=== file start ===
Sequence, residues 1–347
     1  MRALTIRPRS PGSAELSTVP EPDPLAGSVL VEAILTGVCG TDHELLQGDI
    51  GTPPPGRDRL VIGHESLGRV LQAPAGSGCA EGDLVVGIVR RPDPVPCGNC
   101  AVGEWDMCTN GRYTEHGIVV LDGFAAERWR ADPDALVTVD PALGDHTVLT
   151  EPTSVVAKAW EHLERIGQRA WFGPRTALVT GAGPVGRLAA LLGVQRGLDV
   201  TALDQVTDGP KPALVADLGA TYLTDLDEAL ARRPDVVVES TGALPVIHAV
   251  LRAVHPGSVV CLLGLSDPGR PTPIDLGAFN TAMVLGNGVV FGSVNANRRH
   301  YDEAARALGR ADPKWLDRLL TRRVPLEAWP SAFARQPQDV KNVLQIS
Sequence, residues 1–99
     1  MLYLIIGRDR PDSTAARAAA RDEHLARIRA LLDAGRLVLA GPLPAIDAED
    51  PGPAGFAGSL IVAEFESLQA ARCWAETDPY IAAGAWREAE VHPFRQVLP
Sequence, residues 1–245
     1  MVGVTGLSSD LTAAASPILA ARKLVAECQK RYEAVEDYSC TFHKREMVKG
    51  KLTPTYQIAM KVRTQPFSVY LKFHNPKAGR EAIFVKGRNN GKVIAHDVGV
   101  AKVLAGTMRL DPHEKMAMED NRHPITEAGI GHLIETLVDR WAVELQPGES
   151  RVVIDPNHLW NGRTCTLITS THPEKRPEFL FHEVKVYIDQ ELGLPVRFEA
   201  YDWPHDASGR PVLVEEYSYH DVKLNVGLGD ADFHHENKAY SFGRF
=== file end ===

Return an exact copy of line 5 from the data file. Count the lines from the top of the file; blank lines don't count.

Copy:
   151  EPTSVVAKAW EHLERIGQRA WFGPRTALVT GAGPVGRLAA LLGVQRGLDV